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IBM surpasses Intel with 7nm node tech

Posted: 13 Jul 2015 ?? ?Print Version ?Bookmark and Share

Keywords:IBM Research? EUV? lithography? germanium? FinFET?

Intel is playing catch-up with IBM Research as the latter has claimed to have finalised the 7nm node by perfecting extreme ultra-violet (EUV) lithography and using silicon-germanium channels for its finned field-effect transistors (FinFETs). According to IBM Research, their breakthrough demonstration should also keep IBM on-track in delivering its next-generation Power 8+ next year and it Power-9 processors the year after, manufactured for it by GlobalFoundries.

Alliance development partner Samsung will also get a leg-up on its race to catch up with Intel by 2018 when the first production 7nm chips are expected to appear. The 7nm test chips were fabricated at the alliance's 300mm fab at the State University of New York (SUNY) Polytechnic Institute's Colleges of Nanoscale Science and Engineering (CNSE, Albany, New York).

"I'm surprised and impressed," said Richard Fichera, VP and principal analyst at Forrester Research told EE Times. "It doesn't mean they are going win the 7nm race, but it shows that they are still in the race. People that were counting them out are now going to be changing their minds. IBM has done a lot of materials research and gate design to make this happen, whereas all the stuff that Intel talked about at 7nm node was hesitant. There is no guarantee that IBM will get it into production before Intel, but it's a wakeup call to Intel that there is someone breathing down their neck even if Intel ends up becoming the major producer of 7nm parts."

IBM's 7nm node FinFETs

Transmission electron microscope (TEM) image of IBM's 7nm node FinFETs packed below 30nm fin pitch using self-aligned patterning. (Source: IBM Research)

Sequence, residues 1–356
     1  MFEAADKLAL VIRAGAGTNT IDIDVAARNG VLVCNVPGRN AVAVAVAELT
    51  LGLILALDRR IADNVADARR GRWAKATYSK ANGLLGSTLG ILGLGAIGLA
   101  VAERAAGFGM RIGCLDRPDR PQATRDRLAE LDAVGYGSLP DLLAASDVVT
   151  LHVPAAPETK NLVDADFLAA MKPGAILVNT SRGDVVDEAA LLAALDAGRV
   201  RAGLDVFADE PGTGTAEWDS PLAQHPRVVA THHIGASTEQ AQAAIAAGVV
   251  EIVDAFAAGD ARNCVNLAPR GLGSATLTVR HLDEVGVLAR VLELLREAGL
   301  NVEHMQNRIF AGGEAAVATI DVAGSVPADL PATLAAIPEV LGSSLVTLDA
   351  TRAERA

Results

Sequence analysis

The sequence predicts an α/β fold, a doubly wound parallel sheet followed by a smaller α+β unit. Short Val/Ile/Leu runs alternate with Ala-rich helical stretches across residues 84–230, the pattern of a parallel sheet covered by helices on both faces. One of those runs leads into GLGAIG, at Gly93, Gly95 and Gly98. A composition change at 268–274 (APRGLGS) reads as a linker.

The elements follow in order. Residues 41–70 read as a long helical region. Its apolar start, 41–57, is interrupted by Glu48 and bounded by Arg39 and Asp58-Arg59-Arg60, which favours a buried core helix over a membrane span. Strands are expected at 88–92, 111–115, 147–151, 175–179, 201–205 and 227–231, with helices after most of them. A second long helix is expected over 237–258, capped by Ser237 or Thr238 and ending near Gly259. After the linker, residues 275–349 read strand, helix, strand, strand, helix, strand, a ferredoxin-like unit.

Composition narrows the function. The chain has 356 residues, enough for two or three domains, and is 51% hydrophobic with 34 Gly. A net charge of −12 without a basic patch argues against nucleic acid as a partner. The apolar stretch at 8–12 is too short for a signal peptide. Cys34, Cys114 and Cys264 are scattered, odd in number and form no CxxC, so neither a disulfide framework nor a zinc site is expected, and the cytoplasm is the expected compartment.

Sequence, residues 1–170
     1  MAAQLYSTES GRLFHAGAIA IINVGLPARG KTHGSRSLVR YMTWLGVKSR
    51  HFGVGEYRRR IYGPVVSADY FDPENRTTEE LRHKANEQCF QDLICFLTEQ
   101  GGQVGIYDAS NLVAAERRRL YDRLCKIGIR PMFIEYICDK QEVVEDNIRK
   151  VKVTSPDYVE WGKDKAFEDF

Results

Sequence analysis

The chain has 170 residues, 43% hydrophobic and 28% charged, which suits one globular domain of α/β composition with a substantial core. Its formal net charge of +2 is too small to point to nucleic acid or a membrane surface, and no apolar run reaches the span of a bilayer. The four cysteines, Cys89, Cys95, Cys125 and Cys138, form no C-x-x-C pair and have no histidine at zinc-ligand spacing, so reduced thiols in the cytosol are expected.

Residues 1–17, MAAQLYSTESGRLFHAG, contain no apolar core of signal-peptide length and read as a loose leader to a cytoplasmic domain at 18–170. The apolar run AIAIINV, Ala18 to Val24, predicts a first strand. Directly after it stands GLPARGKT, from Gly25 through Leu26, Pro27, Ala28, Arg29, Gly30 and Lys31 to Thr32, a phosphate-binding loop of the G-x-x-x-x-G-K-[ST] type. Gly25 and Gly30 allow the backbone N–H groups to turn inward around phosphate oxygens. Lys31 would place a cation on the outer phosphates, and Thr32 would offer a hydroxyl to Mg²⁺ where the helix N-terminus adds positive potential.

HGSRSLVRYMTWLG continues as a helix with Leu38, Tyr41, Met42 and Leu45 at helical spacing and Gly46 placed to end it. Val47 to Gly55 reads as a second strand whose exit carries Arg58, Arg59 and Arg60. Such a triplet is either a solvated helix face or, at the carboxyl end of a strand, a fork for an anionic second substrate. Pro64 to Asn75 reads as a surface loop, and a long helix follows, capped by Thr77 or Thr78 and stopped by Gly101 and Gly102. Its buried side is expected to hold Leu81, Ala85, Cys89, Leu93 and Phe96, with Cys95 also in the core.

The three major breakthroughs made by IBM to produce its test chip is the perfection of EUV lithography, the successful deposition of strained silicon-germanium transistor channels on bulk silicon wafers, and its optimisation of middle-of-the-line and back-end-of-line processing for minimisation of parasitic capacitance, thereby making its process manufacturable by merely transferring it to a 7nm fab (which will cost GlobalFoundries and Samsung upwards of $6 to $10 billion each to build).

"Our test chip has all the features we knew that we needed to keep our Power series of processors ahead in performance," said Mukesh Khare, VP of semiconductor technology for IBM Research. "Our test chip is a quantum leap forward, we have FinFETs, SRAM cells, interconnects and everything else you need on it to make real 7nm Power processors."

Of course, IBM still plans to come out with its 10nm Power processors, the design for which was revealed at last year's 2014 International Symposium on VLSI Technology and Applications, probably in 2016. But it now is on-track to keep Moore's law going to the 7nm node too, circa 2018.

"We have more work to do on it before transferring to manufacturing, of course, but we are very excited about our results so far," Khare stated. "We have successfully made a major change in lithography, a major change in materials and insured the way forward for IBM high-performance systems for cloud computing and big data."

Besides showing the way forward for IBM Systems, the 7nm demonstration is also an endorsement of the joint development alliance with GlobalFoundries, Samsung and their equipment suppliers, after all GlobalFoundries is just a half-hour down the freeway from IBM's lab at SUNY and Samsung having access to the processing details should boost its credibility at 7nm as well.

"I think IBM, GlobalFoundries and Samsung are celebrating their successful collaboration with SUNY at 7nm. This is a real commitment to the idea that IBM does not need fabs and they're proud that they are going be able to supply fabs with this turn-of-the-crank on Moore's law," said Richard Doherty, research director of the Envisioneering Group. "The next phase of semiconductors will be very different, especially regarding Intel. IBM's secret sauce is its silicon-germanium channels and would have been an amazing achievement at 10nm, but at 7nm are remarkable."

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